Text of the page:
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BWW Reviews: Boston Theater Company Stages Wildly Relevant ROMEO AND JULIET

Generally speaking, I think it is very hard to make a Shakespeare piece contemporary. Sure, theatres change the location or the era all the time, but I usually leave feeling like the plot was stretched to fit the new period. I tend to prefer contemporary pieces, so I should be drawn towards new looks at classics, but I more often than not leave feeling apathetic at best. Last night, however, I attended a version of Romeo and Juliet that modernized the piece without losing the relevance, appealed to a very youthful crowd, and found parts of the well worn text that I had not previously noticed. And I did not leave feeling apathetic; rather, I left excited.

Boston Theater Company, a newly established Production Company, just closed their season opener of Romeo and Juliet, which took a modern approach that incorporated political parties, drug abuse, and the harsh eye of the media. The production was in the back room of Club Cafe, which had me wary at first, but turned out to be a really unique and well utilized space. There were hanging bulbs, variously sized disco balls, tables rather than rows of seats, and a fully functioning bar of which the audience took much advantage. The atmosphere felt young, relevant, and sharp. The action took place all over the room, utilizing the stage, platforms, and ledges, keeping those of us watching on our toes.

The entire piece ran about 90 minutes, which means a good deal of the original text was cut, but I actually really enjoyed this adaption. Romeo and Juliet were the only characters true to Shakespeare's original text. Four women (two Democrats, two Republicans) covered the rest of the characters and though they often jumped from one original character to the next (for example, Mercutio and Benvolio's roles were blurred), they had their own distinct characterizations and consistent, developed personalities. The piece also cut out parts that, at this point, are almost extraneous. The story started right at the party where Romeo and Juliet meet, removing the Rosaline plot line entirely, which I felt legitimized the love story even more. And perhaps it loses a point that Shakespeare originally intended, but I found myself more invested in the story when I believed their love was something out of the ordinary.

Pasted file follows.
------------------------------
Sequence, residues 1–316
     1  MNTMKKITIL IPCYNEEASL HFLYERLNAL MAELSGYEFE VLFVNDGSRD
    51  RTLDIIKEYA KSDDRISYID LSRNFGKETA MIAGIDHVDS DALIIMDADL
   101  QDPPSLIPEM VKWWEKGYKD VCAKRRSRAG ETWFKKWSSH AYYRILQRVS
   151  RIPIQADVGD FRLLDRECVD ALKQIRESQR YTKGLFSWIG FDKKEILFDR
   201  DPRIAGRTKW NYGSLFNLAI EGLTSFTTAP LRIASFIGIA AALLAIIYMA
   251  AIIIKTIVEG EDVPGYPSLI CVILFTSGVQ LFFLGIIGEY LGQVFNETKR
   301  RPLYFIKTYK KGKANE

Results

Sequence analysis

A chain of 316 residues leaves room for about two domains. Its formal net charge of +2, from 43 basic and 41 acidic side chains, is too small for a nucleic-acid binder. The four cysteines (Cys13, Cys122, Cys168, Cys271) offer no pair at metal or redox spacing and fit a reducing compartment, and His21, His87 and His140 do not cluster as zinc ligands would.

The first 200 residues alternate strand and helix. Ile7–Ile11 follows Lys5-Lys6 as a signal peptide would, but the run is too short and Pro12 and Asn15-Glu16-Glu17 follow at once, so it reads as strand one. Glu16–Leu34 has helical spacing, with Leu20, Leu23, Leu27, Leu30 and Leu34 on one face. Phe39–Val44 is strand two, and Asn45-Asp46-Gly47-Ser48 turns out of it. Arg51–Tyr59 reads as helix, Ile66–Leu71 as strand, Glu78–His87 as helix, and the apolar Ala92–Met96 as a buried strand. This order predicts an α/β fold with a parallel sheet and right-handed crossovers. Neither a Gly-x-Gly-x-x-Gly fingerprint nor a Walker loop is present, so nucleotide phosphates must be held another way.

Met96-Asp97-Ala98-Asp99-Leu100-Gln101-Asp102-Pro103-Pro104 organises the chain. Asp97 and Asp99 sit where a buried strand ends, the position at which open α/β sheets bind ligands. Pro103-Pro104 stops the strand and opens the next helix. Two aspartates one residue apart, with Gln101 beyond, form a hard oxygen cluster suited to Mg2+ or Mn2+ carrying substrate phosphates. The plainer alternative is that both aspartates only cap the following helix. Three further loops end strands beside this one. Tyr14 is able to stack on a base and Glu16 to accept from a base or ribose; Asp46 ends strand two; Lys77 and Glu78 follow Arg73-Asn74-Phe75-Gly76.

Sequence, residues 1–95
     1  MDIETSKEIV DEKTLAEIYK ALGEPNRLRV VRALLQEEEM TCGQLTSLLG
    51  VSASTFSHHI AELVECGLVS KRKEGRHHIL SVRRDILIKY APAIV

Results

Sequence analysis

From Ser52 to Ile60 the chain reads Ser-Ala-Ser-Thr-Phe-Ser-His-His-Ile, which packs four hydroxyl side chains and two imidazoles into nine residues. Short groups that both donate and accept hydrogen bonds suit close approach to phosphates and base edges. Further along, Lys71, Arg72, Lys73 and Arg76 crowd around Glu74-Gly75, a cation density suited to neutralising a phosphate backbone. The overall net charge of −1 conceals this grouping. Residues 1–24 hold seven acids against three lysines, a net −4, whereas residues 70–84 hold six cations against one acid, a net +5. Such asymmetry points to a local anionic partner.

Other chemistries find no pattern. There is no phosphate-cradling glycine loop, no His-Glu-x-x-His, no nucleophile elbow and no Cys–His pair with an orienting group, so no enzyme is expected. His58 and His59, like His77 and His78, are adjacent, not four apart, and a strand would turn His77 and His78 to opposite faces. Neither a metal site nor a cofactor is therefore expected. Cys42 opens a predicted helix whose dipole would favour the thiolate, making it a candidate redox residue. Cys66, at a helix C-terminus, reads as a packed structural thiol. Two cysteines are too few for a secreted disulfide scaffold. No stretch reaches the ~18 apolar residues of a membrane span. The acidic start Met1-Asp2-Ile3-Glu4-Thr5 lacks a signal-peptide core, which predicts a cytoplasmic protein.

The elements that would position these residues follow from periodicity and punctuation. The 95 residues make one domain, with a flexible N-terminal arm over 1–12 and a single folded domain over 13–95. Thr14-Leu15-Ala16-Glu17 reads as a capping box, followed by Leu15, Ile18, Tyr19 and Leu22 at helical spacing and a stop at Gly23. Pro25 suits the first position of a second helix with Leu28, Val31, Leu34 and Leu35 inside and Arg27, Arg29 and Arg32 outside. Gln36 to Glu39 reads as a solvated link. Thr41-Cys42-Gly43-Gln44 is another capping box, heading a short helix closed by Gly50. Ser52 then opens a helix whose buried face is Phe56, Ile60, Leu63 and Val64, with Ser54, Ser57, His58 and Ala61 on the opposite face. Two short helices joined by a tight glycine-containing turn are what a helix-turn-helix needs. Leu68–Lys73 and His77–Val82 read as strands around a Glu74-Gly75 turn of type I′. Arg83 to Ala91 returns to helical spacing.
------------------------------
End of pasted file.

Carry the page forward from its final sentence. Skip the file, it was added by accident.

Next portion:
This production was beautifully directed by Joey Frangieh, who also pieced together this particular adaption. He managed to find parts of the dialogue that were incredibly current and form strong, likable, and believable characters. I think it is very easy for Romeo to be played as a whiny pushover and for Juliet to be perceived as an incredibly weak individual. But Alex Marz's Romeo was clever and relatable and Marge Dunn's Juliet was powerful and sure of herself. These characters were likable, which speaks both to the talent of the actors and the direction of Mr. Frangieh. I also really enjoyed that the supporting characters were all strong females, none of whom were apologizing for being so. This production (which featured an opening act by the very talented and wildly cool all-female a cappella group Pitch Please from Northeastern University) highlighted female empowerment while not being the main subject or preaching, and I really enjoyed that.

The piece incorporated popular club music, use of technology, projections, and music videos that made the whole production feel very current and youthful, so much so that I wanted to dance. My only critiques are that there were admittedly impressive, but completely random moments of singing by the actors, which deviated from how the piece had been going for the majority of the run. And also, the contemporary parallels of politics and drug abuse worked so perfectly except that the suicides seemed a little drastic. Of course, that tends to be the case when Shakespeare is modernized, since communication is generally easier nowadays and there often are more options, but it is worth mentioning. It seemed very clear that Juliet had more options than faking her death (and then actually killing herself).

I will say that although drastic, the ending was effective. Mr. Frangieh made the choice to have Juliet wake up as Romeo was dying, rather than directly after. And again, diehard Shakespeareans may disagree, but I think that made the story all the more devastating. The fact that Romeo realizes his mistake in the final moment of his life makes their tale all the more tragic. That hit me.

Usually I am not one to sing the praises of Shakespearean works, just because I tend to find them a bit outdated or too long. But I must say that I was captivated at every moment in this production. This piece was so accessible, particularly to a younger audience, and I felt as though it made the very well known story relevant once more. I am sorry that it has already closed, as I would have recommended it to all my friends and peers, but I know that audiences can expect a lot of good to come from the Boston Theater Company in the future.

Directed by Joey Frangieh; Production Associate Kevin Deane Parker; Stage Managed by Meghan Quigley; Lighting Design by Lucas Garrity; Sound Engineering by Marc Thomas; Graphic Design by Maggie Emerson; Props Design by Helena Mestenhauser; Assistant Stage Managed by Sara Hutchins and Katherine Dumais

CAST: Ellen Bryan, Marge Dunn, Amanda Hurley, Alex Marz, Caitlin Partridge, Leilani Ricardo

This production ran October 24 through November 2 at Club Cafe. For more information on Boston Theater Company, visit their website

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